I hope those of you who were going up to Big T yesterday still found it runnable. We started scaling back Tuesday night and I believe as of yesterday, flows were back down to 240 cfs.
I've been asked several times to predict what is going to happen next on Big T. Apparently, this is a hard prediction to nail down. The recent rain is playing havoc with the maintenance work. It is also changing municipal demands on the river almost hourly. So, our partners and water contractors are discussing how to handle the water delivery situation. When they come up with a solution, they will meet with us and we will make the final decision on how to adjust releases from Olympus Dam to the river.
But, that decision might not come about until late this afternoon. So, if you're planning on hitting Big T in the next 24 hours, keep a close eye on the gage. There is a possibility it could drop considerably in the next 24 hours. Or, it might not. I wish I had better data for you guys. Hopefully, tomorrow morning, I'll be able to shed more light on the cfs issue.
As for Bailey and Gore--cstork was right. I am not involved with releases on the S. Platte and don't know much about Bailey. Denver Water is your best bet. Give me a call and I'll see if I can't dig up a contact name for you over there. I have a guy in mind...
For Gore, as you all are probably aware, quite a few reservoirs contribute to the Colorado River flow through Gore. Green Mountain is just one of a handful. I try and keep current Green Mountain posts on this site. I'll run through my brief knowledge here really quickly, but this gets long, so consider yourself forewarned:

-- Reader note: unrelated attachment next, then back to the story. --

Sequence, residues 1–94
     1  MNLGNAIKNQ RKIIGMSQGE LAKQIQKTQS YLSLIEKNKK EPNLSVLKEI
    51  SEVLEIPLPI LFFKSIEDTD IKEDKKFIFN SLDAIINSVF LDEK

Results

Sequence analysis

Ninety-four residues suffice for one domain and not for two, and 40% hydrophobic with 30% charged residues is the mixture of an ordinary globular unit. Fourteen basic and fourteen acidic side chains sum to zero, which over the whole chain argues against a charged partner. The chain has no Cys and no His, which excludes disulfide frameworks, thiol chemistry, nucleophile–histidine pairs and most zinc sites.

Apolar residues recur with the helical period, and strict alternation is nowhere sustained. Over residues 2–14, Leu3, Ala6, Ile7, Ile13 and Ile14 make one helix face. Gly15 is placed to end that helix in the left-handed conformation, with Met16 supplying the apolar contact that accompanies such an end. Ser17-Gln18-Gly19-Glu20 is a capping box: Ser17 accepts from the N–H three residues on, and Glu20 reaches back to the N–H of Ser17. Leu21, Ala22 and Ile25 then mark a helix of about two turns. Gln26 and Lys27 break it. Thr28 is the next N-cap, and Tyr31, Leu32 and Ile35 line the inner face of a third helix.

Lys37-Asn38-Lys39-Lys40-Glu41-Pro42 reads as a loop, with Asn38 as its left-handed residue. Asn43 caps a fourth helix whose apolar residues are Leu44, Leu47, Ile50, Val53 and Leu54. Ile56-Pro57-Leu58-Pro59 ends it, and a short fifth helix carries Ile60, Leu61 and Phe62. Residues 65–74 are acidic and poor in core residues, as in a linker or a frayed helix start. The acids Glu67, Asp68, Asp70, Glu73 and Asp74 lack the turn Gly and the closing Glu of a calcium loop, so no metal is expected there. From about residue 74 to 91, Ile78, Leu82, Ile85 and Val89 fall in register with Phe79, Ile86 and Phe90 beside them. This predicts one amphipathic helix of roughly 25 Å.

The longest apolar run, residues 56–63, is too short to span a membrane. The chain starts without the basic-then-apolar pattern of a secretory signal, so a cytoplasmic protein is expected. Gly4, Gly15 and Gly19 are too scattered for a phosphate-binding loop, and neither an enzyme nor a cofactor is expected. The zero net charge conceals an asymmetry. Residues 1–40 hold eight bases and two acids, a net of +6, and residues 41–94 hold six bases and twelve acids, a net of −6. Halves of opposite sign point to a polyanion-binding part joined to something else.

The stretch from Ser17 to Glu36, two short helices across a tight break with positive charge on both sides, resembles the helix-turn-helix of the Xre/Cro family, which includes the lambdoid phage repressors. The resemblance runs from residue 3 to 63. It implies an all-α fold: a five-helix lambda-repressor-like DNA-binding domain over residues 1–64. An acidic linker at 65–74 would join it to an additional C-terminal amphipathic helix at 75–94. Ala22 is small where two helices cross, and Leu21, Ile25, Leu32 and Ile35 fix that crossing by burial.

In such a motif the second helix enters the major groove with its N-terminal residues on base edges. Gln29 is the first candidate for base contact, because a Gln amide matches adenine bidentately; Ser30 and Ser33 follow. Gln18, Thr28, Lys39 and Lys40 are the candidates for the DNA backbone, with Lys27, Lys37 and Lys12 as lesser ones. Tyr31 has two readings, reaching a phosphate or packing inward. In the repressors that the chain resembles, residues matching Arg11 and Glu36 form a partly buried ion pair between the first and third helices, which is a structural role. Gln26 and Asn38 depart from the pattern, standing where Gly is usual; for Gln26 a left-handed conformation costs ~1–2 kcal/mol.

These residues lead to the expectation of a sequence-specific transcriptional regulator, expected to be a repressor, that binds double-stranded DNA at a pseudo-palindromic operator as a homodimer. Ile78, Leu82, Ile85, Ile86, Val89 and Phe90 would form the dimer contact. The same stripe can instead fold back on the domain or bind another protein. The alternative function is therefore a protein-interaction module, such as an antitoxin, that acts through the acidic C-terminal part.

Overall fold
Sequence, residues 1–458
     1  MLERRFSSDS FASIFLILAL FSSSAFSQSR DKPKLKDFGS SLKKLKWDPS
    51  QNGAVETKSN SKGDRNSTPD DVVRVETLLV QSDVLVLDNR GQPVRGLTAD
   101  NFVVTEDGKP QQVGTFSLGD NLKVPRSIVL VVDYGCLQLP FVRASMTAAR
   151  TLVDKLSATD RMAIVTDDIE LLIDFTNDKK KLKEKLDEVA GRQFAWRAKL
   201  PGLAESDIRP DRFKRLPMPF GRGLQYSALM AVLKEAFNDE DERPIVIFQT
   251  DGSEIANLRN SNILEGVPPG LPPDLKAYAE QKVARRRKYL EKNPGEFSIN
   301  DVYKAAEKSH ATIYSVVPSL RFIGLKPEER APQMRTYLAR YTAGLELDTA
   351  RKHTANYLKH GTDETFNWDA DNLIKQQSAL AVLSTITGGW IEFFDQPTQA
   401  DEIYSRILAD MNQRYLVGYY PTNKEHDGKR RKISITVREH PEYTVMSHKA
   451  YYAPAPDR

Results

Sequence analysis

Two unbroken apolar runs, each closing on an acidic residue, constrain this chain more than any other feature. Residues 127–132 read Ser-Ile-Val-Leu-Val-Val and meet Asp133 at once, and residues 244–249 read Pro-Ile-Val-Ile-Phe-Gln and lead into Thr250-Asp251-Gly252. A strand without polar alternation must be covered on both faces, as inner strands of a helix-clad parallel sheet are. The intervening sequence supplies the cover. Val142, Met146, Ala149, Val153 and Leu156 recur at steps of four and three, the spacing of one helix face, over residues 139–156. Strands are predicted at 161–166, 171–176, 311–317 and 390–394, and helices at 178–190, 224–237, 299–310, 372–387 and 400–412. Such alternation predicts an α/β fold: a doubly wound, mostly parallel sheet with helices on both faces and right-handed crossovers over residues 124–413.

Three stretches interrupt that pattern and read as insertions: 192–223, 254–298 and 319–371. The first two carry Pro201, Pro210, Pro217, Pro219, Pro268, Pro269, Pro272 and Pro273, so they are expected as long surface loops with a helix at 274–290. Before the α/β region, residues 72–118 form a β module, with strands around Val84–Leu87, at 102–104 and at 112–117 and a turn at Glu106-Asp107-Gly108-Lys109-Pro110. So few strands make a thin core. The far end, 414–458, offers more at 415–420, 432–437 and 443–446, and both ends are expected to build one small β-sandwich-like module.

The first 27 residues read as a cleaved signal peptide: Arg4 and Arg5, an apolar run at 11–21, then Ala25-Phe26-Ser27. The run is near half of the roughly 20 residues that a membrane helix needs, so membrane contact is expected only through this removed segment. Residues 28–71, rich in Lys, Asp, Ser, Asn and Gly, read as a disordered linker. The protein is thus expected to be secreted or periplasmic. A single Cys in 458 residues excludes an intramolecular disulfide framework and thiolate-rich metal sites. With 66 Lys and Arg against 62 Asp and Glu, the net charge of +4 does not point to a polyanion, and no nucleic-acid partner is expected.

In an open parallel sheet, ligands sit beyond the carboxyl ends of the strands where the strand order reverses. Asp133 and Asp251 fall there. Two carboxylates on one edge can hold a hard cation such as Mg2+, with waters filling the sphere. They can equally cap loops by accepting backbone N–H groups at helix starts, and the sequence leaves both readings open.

Upstream of Gore sources: We also own Granby and Willow Creek up by Grand Lake--but the drought has kept them pretty low the last few years, so there hasn't been much to report there. Even though we own them, the Northern Colorado Water Conservancy District operates them for us. When and if the drought lets up here, I can look into their release schedules for posting to this site.
Northern owns Windy Gap up by Granby and they are the sole operator.
Closer to Gore are Williams Fork and Wolford. These reservoirs were the results of west slope and east slope water wrangling and compromising. I believe Williams Fork was part of the compensation for Windy Gap and maybe also for some of Denver's development. So, I think three entities: Northern, Denver and the Colorado River Water Conservation District, contribute to the operations and releases of that reservoir.
Wolford is the result of compromising between Denver Water and the River District. I think--but I'm not sure and anyone can correct me if I'm wrong on this stuff--but I think the River District owns the majority of the water there. I think the two agencies work in tandem for those releases, though. Of all these upstream reservoirs, Wolford is closest to Gore, just north of Kremmling.
Gore flows are also partially dependent on if, and how much, Kremmling ranchers are checking and pumping their section of the river. There is also an old irrigation ditch there that runs, the "Big K", I think. So, a lot of water management happens in the stretch just before Gore Canyon.
The Muddy flows into the Colorado before the Blue, but I don't think it adds much. But, to keep tabs on all of this, the best contact would probably be someone from the State Engineer's Office. I'm not sure who the proper contact would be. But for Northern and the Colorado River District, I have names and numbers.
Just let me know who you want to call.
Hope that beta is helpful and not too boring. Sorry to ramble on and on!